Washtenaw Community College will face financial crisis if proper actions are not taken
Washtenaw Community College will be taking an inventive approach if it pulls its part-time lecturers out of the state school pension system by converting them to contract employees.
The move makes sense. The current pension arrangement is a bad deal for the college and its employees, forcing both to pay into a system for retirement benefits that these workers are unlikely to ever collect.
But even if WCC can get these employees out of the system, that’s not the end of its problems with the state pension plan. It’s only the beginning.
The Michigan Public School Employee Retirement System, which covers more than 170,000 retires and some 275,000 current employees of public schools and colleges across the state, is alarmingly underfunded. Simply put, the state has promised generous pension benefits to current and future retirees that it doesn’t have the money to pay. This underfunded liability is already sapping the budgets of schools and colleges, and left unaddressed, it’s going to become a full-blown fiscal crisis for the entire state.
For now, though, WCC President Larry Whitworth would like to start by easing the burden created by having nearly 1,000 part-time lecturers included in the state pension system.
These employees are compelled to contribute 3 percent of their income into the system - and that will increase to 6 percent this fall. The college, meanwhile, contributes 19.4 percent of their income into the state fund. But these part-time employees have little or no chance of ever meeting the requirements to become vested and collect benefits.
The solution? Whitworth is proposing to turn these workers into contract employees. This move would avoid either them or WCC having to pay into state pension system on their behalf. Whitworth estimates the college would save $1 million in the first year.
But even if the WCC board approves this creative approach, the college still is in danger of being eaten alive by the costs of the state pension system. In 2001-2002, WCC paid $3.3 million into the system to help the state meet its retirement obligations. This fiscal year, it will pay $9.8 million into the system.
Over that same period, state aid to the college has fallen from $12.9 million to $11.8 million. That means that of the dollars it gets from the state, WCC is now sending 83 percent of that money right back to Lansing to cover pension costs, rather than spending on educating students. Given the trend, it is quite possible that this pension contribution will eventually exceed what WCC gets in state aid.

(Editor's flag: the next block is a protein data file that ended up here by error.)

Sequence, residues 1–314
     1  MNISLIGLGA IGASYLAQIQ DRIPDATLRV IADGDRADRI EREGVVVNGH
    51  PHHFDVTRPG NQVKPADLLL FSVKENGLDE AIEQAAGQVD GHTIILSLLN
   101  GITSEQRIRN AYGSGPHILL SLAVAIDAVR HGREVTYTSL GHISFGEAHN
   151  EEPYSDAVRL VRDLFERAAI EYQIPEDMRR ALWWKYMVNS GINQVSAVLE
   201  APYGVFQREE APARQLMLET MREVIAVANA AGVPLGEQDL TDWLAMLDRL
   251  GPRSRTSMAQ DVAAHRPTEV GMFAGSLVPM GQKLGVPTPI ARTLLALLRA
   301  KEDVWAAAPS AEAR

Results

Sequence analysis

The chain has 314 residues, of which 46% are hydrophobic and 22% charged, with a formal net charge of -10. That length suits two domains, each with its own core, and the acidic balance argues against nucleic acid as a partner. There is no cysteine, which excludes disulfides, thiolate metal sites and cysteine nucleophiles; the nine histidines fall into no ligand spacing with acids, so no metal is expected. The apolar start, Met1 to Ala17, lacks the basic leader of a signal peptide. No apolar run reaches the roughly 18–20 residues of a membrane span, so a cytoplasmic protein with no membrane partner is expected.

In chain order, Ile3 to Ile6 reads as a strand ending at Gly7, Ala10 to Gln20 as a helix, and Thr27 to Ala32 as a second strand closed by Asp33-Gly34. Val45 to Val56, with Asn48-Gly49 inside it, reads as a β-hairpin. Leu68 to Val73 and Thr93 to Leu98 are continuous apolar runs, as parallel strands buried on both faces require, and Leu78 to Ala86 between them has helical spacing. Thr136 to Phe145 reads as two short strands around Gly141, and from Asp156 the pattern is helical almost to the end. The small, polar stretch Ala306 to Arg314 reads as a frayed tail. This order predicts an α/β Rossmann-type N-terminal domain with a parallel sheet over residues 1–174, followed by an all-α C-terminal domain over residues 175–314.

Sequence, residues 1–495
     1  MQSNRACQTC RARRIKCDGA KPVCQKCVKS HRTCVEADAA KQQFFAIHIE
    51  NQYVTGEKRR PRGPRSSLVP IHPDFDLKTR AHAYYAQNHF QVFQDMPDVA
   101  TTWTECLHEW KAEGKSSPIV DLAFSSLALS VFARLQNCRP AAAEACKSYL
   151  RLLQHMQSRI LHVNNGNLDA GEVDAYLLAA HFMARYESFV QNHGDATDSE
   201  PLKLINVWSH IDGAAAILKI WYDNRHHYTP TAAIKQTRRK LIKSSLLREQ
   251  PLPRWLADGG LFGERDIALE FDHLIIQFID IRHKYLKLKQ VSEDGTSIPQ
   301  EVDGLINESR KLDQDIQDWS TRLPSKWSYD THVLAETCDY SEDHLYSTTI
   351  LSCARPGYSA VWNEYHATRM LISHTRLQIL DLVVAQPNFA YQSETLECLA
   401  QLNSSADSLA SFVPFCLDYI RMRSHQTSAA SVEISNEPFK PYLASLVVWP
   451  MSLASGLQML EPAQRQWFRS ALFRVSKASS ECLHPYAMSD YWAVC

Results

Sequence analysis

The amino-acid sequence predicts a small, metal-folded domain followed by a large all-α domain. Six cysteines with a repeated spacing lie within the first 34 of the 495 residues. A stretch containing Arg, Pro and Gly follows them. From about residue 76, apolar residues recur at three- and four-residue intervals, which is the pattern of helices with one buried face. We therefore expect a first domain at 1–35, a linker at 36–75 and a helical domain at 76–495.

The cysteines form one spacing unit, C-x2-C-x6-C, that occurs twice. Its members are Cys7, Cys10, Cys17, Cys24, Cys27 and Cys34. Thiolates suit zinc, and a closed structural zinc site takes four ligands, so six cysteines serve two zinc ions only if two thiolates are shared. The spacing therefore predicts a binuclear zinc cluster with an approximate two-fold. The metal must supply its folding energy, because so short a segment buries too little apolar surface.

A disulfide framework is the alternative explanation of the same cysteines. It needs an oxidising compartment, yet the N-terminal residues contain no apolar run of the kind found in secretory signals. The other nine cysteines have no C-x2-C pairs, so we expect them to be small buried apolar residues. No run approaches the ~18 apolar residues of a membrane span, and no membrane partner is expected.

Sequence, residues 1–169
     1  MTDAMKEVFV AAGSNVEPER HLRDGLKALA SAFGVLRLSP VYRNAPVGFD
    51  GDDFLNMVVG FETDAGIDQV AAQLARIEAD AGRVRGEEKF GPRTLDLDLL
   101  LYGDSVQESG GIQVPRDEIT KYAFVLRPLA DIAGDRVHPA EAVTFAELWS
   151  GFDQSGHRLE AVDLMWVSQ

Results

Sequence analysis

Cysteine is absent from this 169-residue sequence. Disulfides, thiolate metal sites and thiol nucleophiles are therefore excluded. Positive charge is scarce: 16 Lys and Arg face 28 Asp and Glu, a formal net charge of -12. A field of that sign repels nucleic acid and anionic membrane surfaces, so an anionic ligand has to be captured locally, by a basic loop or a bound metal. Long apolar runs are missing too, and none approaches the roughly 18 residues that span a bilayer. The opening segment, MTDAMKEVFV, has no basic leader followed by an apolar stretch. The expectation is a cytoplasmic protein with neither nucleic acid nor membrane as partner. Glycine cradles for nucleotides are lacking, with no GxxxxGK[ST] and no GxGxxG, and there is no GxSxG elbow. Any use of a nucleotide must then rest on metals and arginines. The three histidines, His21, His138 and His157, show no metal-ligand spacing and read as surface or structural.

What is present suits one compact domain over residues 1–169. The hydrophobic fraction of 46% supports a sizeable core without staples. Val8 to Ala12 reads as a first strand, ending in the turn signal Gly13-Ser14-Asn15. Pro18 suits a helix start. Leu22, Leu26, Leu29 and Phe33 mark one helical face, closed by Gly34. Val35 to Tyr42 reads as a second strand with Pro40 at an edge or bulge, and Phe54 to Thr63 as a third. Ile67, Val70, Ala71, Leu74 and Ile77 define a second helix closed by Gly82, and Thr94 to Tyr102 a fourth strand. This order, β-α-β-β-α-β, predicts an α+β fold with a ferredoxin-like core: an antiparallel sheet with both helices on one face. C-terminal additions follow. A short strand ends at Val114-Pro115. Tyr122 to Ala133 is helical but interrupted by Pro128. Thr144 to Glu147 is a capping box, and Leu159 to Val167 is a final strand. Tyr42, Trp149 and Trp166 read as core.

Something has got to give. Education employees vested in the pension system receive retirement benefits more generous than are found in the private sector these days. The state web site boasts that MPSERS members get “one of the best public pensions around.’’
How can the state afford such benefits? The answer is, it can’t. The pension fund is in serious trouble. Since 2008, the assets of the pension fund have lost $14 billion in market value. According to the state Bureau of Investments, the fund is now 20 percent short of what it needs to cover its liabilities based on actuarial value.
The system operates on a pay-as-you go basis. Current employees - and their employers - pay into the system to help cover the costs of benefits being paid to retirees. In fiscal 2009, employers and employees statewide paid $1.4 billion into the system, while the system paid out $3.3 billion to current retirees. You don’t have to be a CPA to understand that this can’t continue - or to understand that the coming crisis can’t be solved on the backs of employers and employees by forcing them pour more money into the system. They can’t afford it.
This is not a crisis that should sneak up on anyone. The underfunding of public pensions already has become a major issue elsewhere. This spring, Illinois was forced by borrow $3.7 billion to make a required payment into its pension system.
It’s going to take radical, dramatic action by our leaders in Lansing to deal with the impending crisis here. Unless they can identify a source for billions of dollars in additional funding (which we don’t imagine they can), then they are going to have to reassess retirement benefits for public employees covered by MPSERS.
Already, many state employees have been moved from a defined benefit system to a defined contribution system. Legislation currently in the state Senate would remove community college employees from the school retirement system. Whitworth supports that approach. He says community college presidents have concluded that they must become more vocal on this issue, because their financial health is greatly at stake.
For now, WCC is looking at one small step to begin relieving itself of a financial burden that neither it nor the state can afford. But the far greater concern is the coming crisis posed by the underfunding of the pension system. The longer this issue goes unaddressed in Lansing, the more painful the solutions will be.